I MET KELLOGG at Base Camp in late April, where he was preparing to launch his second bid to break the Everest speed record. At 40 years old, he’s lean and powerful looking, but would never be confused for an endurance athlete on the street. The blue eyes and a Fu Manchu mustache fit better with the career as a general contractor he’s put on hold to chase this dream.
And there’s something else. It’s partly the way the skin above his eyebrows creases when he’s distracted by some thought in his head, partly in his lack of pretense. The man has suffered, hit bottom, and no longer seems distracted by the day-to-day bullshit that troubles the rest of us. His load is much heavier.
It was five years to the day that his wife, Lara Bitenieks, then 38, a well-respected fire scientist, died in Alaska’s Ruth Gorge after rappelling off the end of a rope on Mount Wake. They’d met at REI employee orientation at Seattle’s flagship store in 1994. (Kellogg had just given up his quest to become an Olympic luge racer and moved from Lake Placid back to Seattle.) “She was a lot smarter than me,” recalls Kellogg. “She’d already saved up a bunch of money that she used to get her pro deals. Then she’d quit and go climbing.” They married six years later.
At the time of his wife’s death, in April of 2007, Kellogg was off on his own adventure, at the base of a climb in a remote part of Sichuan province in western China with his good friend and climbing partner Joe Puryear, a renowned mountaineer who also lived in Seattle. “I’d already had this feeling like something had gone wrong,” says Kellogg. He had even told Puryear as much. Three days later, a lone horseman rode into their camp carrying a note Puryear’s wife had e-mailed to their contact in Rilong, the nearest town. It read, “There has been an accident. Call home.”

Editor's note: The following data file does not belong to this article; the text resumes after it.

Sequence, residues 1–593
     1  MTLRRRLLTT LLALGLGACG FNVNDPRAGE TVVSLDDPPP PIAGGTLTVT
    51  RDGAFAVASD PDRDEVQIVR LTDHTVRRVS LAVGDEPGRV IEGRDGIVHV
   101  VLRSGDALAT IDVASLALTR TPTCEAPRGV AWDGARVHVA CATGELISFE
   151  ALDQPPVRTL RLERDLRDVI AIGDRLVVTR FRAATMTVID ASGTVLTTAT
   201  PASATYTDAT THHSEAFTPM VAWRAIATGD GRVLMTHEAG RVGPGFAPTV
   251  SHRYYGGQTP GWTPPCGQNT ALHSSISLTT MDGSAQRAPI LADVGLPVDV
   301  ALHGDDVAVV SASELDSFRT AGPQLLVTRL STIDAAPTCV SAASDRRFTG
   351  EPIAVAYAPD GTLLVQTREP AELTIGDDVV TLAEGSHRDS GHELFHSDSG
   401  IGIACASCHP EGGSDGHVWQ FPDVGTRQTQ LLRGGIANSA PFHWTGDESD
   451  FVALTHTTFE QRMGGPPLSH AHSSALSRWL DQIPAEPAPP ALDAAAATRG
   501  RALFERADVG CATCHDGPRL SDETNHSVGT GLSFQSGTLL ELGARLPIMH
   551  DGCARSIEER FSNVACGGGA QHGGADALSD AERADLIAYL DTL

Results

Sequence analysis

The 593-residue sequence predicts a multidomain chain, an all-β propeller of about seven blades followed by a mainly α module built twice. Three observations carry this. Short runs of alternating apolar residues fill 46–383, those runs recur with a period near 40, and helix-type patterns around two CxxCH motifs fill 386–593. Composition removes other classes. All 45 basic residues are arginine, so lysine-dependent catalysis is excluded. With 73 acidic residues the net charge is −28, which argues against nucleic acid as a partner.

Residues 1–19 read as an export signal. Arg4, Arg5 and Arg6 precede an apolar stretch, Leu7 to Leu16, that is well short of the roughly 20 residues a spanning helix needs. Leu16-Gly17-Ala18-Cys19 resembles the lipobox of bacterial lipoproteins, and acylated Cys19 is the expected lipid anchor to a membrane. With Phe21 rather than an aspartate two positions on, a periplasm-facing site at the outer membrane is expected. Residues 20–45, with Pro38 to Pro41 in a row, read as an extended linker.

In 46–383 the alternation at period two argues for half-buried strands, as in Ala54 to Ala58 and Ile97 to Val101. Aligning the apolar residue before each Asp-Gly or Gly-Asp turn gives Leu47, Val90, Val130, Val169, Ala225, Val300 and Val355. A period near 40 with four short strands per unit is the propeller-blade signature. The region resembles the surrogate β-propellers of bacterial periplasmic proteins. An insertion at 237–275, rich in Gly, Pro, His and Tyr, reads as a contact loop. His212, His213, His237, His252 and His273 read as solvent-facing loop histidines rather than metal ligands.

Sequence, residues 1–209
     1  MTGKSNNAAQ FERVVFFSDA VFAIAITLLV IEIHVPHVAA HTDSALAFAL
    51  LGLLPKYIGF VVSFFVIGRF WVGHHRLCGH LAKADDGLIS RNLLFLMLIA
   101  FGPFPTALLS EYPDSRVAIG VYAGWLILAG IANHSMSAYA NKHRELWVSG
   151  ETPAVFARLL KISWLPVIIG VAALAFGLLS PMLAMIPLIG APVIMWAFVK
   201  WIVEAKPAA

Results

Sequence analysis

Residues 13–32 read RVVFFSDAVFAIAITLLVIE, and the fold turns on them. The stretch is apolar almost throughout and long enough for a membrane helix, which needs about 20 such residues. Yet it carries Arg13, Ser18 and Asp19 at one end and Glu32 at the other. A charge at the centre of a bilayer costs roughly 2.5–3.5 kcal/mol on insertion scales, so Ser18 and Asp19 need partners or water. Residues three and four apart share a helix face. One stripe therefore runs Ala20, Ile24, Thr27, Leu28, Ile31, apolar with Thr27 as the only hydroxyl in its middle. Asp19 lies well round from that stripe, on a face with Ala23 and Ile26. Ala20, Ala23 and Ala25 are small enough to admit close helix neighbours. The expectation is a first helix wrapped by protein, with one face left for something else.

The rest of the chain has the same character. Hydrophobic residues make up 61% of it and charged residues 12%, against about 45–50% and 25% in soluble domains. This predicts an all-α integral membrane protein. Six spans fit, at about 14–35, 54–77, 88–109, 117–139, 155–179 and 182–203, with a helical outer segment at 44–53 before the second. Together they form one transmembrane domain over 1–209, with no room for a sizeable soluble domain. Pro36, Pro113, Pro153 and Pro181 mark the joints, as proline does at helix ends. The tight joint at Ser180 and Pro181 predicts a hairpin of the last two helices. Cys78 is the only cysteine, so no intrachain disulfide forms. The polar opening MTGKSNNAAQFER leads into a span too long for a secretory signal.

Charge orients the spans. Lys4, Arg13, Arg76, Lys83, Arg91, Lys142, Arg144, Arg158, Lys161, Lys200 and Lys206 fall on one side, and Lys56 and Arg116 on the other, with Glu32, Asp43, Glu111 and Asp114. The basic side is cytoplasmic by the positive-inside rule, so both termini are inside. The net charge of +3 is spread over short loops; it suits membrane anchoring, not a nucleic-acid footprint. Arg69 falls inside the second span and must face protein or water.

A friend who had one of the few cars in Rilong drove him 14 hours to Chengdu. There, Kellogg couldn’t change his ticket because he’d bought it with frequent flier miles. Thankfully, his friend of 20 years, Ammi Borenstein, a product designer at Outdoor Research who had also been the best man at Kellogg’s wedding, was able to find a ticket online. “I was the last person in the world to find out,” says Kellogg.
That was how his slide started. A few months after Kellogg lost his wife, he was diagnosed with colon cancer. Ultimately, he was able to beat back the disease with surgery, though he says, “Cancer is always in the back of my mind.” Then, over the next five years, other friends and family began dying—”nearly every friend in my life”—17 in all. Three grandparents, three uncles, younger brother to a heart attack last year—all while he was off on climbing trips. “Every single one of them is constantly on my mind,” he says.